Investor Overreaction in International Stock Markets

W. Scott Bauman
C. Mitchell Conover, University of Richmond
Robert E. Miller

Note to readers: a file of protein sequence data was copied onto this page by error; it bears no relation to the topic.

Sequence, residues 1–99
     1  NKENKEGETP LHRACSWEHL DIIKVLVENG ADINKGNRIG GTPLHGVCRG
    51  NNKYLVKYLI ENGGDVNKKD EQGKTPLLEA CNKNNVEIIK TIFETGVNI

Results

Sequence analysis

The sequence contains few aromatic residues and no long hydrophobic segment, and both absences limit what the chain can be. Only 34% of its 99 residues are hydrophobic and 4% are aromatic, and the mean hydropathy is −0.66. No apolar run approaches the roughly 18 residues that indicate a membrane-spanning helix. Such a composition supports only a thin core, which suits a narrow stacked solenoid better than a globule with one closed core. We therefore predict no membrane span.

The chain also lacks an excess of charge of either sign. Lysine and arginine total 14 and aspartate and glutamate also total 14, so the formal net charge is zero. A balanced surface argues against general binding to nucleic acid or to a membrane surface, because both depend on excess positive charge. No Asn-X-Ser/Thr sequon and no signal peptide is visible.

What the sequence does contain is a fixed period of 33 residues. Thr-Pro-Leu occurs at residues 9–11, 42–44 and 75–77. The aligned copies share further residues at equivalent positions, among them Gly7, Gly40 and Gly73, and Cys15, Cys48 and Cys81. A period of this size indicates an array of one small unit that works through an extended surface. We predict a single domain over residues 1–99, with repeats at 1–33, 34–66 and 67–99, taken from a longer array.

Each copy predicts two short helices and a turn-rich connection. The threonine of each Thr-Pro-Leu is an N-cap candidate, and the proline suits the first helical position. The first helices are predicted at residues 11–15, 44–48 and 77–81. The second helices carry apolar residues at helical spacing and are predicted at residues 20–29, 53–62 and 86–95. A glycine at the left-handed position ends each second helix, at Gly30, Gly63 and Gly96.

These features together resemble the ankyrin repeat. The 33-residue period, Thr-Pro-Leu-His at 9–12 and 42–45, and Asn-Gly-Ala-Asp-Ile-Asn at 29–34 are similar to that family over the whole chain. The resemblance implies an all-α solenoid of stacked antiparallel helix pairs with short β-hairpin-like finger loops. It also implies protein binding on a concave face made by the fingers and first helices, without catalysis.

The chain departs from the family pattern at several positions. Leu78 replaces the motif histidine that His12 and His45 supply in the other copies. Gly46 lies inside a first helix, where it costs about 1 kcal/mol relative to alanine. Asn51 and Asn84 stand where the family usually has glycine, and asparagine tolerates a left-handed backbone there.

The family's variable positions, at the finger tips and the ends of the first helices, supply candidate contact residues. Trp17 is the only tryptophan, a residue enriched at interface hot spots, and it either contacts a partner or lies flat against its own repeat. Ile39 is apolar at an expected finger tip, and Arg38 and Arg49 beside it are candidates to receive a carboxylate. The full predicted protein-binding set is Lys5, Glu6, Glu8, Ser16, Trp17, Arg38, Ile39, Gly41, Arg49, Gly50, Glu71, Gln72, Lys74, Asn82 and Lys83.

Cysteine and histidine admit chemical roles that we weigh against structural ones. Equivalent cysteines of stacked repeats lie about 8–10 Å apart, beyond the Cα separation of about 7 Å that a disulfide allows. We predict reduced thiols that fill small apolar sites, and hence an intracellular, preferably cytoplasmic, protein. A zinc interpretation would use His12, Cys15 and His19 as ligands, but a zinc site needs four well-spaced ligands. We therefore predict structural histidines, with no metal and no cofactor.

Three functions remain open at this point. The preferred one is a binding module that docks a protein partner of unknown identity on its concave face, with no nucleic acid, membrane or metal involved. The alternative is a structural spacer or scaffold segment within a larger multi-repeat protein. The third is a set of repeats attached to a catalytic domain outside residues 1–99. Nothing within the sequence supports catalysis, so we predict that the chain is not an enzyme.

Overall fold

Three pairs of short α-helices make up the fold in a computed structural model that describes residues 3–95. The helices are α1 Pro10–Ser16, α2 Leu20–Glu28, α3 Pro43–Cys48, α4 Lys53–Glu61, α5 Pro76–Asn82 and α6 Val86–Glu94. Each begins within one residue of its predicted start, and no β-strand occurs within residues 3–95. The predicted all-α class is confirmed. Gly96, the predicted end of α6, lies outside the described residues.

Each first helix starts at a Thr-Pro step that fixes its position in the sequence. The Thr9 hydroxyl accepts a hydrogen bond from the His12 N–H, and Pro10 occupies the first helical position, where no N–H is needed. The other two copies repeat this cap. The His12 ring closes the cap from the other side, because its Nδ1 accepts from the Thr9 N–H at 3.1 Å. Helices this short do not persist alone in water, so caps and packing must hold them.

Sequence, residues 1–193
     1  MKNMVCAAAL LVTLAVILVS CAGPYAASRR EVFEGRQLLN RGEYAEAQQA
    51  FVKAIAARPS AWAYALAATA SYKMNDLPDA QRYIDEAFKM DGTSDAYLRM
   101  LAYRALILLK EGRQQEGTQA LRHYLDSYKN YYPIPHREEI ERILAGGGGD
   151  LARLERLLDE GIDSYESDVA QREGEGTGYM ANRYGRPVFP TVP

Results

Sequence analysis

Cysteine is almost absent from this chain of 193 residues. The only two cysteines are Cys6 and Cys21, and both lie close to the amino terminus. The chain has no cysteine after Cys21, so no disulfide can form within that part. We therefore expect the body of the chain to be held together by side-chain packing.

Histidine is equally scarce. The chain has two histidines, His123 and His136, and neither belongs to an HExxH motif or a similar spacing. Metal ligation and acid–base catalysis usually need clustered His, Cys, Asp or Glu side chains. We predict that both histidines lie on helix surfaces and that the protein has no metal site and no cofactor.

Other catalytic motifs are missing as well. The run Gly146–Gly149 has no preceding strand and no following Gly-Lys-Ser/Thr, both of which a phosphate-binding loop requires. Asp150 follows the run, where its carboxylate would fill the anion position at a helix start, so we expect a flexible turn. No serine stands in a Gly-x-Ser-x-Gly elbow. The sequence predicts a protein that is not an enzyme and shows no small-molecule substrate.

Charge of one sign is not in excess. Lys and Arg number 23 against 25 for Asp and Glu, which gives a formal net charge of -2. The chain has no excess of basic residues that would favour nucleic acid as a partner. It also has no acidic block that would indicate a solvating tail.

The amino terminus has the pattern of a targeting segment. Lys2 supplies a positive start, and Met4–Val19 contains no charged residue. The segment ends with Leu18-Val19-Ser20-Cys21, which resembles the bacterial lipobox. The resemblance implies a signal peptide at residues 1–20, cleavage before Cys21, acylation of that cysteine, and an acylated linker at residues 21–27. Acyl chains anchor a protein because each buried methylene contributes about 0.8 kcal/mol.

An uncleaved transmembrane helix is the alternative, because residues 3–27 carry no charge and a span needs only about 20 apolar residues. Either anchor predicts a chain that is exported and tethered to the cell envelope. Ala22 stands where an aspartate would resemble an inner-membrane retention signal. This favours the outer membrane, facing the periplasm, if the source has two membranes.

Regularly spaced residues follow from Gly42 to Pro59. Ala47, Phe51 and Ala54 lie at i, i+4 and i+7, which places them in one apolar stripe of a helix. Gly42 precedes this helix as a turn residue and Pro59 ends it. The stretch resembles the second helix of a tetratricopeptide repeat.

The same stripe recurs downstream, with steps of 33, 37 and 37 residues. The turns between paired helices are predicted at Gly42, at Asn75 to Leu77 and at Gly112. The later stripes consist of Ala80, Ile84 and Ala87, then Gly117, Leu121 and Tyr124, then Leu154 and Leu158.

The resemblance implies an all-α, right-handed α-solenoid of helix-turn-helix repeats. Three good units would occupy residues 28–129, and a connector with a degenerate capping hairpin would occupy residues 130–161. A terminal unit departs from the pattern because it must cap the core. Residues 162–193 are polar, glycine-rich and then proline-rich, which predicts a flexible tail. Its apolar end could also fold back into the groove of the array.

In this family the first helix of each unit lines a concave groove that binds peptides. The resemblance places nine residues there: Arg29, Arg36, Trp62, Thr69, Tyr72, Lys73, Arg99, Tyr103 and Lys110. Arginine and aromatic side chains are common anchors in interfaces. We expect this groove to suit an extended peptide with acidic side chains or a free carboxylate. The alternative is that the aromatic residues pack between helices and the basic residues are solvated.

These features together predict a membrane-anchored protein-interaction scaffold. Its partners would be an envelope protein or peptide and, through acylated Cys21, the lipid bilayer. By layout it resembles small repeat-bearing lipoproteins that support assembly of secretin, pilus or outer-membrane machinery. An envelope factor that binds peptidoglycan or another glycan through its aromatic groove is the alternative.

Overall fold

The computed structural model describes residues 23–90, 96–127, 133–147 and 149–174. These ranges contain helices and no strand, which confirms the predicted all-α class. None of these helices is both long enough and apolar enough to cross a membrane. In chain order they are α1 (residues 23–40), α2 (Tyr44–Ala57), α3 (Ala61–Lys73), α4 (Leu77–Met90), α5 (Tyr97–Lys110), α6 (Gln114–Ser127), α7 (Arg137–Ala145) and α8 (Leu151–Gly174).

A study was conducted to determine why value stocks generally outperform growth stocks in international stock markets. Data from the 20 established markets represented by the Morgan Stanley Capital International Europe/Australasia/Far East Index and the Canadian market were analyzed for the period 1986-96. Value stocks and growth stocks were classified on the basis of two separate measures—price-to-book value ratio and past-three-year earnings per share (EPS) growth rates—and in order to facilitate cross country market comparisons, rates of returns, EPS growth rates, and corporate stock market capitalizations were determined in U.S. dollar terms. Findings reveal that investors overreact by propelling the prices of growth stocks too high and the prices of value stocks too low. This is accounted for by the fact that investors and research analysts tend to suppose that past growth rates in EPS will continue in the future, although evidence demonstrates that extreme past growth rates tend to return to a normal mean. As a result, when earnings disappointments are disclosed, stocks previously thought to be growth stocks tend to produce lower returns than value stocks.